In 2016, researchers from the U.S. Geological Survey (USGS) did just that. Using geographic data on the pet trade, salamanders and the pathogen, they built a series of heat maps showing where Bsal is most likely to enter the U.S. and where salamanders will likely experience the most dramatic declines.

Heat map of the U.S. showing the total relative risk of Bsal to native U.S. salamanders based on the introduction and consequences assessment published in the journal Royal Society. Figure from Richgels, et al., 2016, via CC BY 4.0

Deep red pixels were concentrated in Florida, Southern California and New York, epicenters of the pet trade. Their maps also showed dark hues in the Appalachian Mountains and Pacific Northwest, where species diversity is greatest.

When Bsal arrives, that’s where it will most likely show up, they reasoned. Now they just had to go look for it.

The search begins

Two decades of research on Bsal’s cousin, Bd, has its advantages. For one, scientists know how to quickly test amphibian skin for different species of fungi. It’s like identifying the killer at a crime scene: When researchers come across a salamander in their search, they collect material on its skin, run a DNA test, and look for a match in their database of deadly fungi, which now includes Bsal.

“You take a swab and rub it along the skin of the animal,” says Dede Olson, an ecologist at the U.S. Forest Service. “The fungi comes off on your swab, and then you run the genetics on that swab to see what you found.”

It’s with this method that USGS researchers traveled to the darkest reds on the map in 2016 to begin testing salamanders — a whopping 10,000 of them. If Bsal was present in the U.S., surely they’d be able to find it.

Robert Fisher is part of the team in Southern California that was responsible for collecting around a quarter of the samples. “We’re close to LAX, which is where most of the Asian salamanders are coming through,” says Fisher, a biologist at USGS. “Whether Bsal has jumped from the pet animals to wild animals is the crux of this surveillance.”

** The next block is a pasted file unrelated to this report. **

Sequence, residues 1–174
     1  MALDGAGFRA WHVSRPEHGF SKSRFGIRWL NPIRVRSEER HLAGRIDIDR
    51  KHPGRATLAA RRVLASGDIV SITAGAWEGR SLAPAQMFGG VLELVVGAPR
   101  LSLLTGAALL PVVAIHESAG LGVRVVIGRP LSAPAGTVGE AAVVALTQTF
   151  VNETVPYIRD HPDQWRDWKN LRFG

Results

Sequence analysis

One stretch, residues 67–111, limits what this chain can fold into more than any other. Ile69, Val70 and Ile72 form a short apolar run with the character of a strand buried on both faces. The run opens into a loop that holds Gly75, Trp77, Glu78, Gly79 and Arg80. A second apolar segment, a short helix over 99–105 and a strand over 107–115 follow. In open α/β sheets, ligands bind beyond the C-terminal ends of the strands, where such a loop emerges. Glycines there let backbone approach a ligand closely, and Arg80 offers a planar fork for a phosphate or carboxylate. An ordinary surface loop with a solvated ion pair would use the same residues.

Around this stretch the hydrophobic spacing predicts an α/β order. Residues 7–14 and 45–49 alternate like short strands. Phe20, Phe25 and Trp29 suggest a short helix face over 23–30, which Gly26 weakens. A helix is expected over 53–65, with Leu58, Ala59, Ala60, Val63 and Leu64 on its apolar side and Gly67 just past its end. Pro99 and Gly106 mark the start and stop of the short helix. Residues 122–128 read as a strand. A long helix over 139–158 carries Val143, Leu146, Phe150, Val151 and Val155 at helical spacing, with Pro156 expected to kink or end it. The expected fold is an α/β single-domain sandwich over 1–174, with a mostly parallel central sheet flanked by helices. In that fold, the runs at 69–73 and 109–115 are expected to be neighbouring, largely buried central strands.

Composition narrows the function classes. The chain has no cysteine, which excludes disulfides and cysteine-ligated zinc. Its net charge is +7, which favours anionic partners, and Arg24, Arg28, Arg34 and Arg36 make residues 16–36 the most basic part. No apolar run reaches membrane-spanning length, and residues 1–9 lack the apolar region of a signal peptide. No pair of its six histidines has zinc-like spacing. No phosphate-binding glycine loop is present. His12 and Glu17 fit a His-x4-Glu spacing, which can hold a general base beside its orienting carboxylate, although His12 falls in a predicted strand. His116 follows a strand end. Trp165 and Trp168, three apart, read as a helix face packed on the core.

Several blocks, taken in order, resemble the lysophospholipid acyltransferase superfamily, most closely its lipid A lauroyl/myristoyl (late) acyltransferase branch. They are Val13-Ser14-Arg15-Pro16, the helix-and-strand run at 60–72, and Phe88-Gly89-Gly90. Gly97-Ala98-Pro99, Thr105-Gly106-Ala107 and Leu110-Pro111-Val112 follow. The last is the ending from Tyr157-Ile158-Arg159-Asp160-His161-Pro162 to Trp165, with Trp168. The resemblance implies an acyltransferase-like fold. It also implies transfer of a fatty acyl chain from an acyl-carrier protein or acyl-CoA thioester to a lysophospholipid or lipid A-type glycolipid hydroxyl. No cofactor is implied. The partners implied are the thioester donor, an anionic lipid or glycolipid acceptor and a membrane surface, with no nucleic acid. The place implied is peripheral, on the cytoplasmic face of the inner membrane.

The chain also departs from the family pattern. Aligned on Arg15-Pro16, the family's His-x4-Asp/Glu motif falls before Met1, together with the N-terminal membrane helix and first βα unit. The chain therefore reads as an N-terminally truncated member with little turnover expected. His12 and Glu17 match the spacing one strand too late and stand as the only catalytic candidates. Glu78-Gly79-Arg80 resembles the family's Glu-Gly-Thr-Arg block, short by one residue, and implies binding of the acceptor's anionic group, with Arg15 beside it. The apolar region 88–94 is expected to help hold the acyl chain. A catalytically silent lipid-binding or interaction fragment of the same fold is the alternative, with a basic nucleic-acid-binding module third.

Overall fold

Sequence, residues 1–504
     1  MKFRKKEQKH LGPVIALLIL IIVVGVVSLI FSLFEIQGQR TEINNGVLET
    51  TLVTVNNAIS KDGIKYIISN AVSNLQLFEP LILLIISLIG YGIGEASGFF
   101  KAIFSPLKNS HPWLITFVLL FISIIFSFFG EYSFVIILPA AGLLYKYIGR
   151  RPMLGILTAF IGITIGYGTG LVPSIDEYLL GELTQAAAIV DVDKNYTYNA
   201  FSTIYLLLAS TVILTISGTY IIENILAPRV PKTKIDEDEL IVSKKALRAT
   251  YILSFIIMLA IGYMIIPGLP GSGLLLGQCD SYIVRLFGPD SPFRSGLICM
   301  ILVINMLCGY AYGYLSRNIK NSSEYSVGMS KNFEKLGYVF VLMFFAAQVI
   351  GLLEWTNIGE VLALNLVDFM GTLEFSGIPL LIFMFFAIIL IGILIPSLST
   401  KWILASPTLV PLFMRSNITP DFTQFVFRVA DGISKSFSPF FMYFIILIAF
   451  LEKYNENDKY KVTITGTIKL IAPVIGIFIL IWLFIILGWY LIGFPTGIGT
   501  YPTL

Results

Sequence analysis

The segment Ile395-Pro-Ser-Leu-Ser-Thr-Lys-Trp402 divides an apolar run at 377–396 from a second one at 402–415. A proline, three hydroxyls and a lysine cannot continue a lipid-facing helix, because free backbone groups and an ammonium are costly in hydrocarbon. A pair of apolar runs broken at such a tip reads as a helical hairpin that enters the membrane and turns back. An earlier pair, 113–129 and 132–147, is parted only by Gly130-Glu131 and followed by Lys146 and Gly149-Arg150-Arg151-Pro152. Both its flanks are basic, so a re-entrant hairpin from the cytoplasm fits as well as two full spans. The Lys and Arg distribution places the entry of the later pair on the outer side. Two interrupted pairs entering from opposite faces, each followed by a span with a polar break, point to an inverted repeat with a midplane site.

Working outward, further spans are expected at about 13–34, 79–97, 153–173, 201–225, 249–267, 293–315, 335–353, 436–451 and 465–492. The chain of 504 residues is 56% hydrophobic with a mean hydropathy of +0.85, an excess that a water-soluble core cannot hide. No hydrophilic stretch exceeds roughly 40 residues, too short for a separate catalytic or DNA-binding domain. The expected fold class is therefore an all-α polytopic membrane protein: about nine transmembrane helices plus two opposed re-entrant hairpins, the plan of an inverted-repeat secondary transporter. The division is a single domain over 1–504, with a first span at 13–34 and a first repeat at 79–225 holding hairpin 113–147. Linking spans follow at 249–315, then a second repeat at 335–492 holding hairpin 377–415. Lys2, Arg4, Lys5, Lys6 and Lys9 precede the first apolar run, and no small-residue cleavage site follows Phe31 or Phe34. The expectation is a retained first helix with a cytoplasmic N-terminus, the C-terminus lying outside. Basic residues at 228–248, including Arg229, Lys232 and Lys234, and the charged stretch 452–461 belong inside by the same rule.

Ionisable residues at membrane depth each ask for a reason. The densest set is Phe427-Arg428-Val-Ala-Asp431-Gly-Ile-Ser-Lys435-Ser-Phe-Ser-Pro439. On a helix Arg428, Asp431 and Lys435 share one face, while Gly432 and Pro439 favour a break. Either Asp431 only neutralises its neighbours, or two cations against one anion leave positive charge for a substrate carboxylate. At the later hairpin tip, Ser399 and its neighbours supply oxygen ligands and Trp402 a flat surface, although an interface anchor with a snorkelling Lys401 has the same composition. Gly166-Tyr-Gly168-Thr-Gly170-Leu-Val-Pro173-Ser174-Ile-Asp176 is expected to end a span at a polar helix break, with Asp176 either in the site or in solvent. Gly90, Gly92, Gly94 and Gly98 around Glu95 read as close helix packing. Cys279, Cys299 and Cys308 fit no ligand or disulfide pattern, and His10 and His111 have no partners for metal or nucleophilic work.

With tools for genetic analysis, finding Bsal is only as hard as finding its wet-bodied hosts — which can be difficult, even though they’re widely distributed.

You’re often standing “chest-deep” in pond water, fighting back mosquitos and flies, says Daniel Grear, a colleague of Fisher’s who leads the surveillance effort at USGS. “Usually it depends on having a team of people with fine mesh nets walking around a pond to where we think the newts are going to be.”

A USGS researcher looks for eastern newts (Notophthalmus viridescens) in a pond in Dane County, Wisconsin.

And searching on land isn’t much easier. “They’re really hard to find because they live in burrows,” Fisher says of L.A.’s slender salamanders. “When we started the surveillance, it was so dry. By the time we got the sample kits [to swab the salamanders] it was really hard to get good numbers of them.”

The USGS team persisted, swabbing salamander after salamander. Meanwhile, another search for Bsal was underway, in tanks and terrariums across the U.S.

Wild amphibians tell only half the story. Or at least that was the thinking behind a project led by Blake Klocke, a scientist at George Mason University, designed to sniff out Bsal in the pet trade. In 2014, Klocke asked salamander owners across the country to swab their cold-blooded pets at home and mail the samples to a lab for diagnosis.

Two years later, he had 639 swabs representing 65 species, most of which were susceptible to Bsal. Now he just needed to run the genetic tests.

Scientists hold their breath

Last December, USGS researchers swabbed their 10,000th salamander. After analyzing the final sample, they sighed in relief and discarded the Q-tip-like swab, as they did with thousands of others.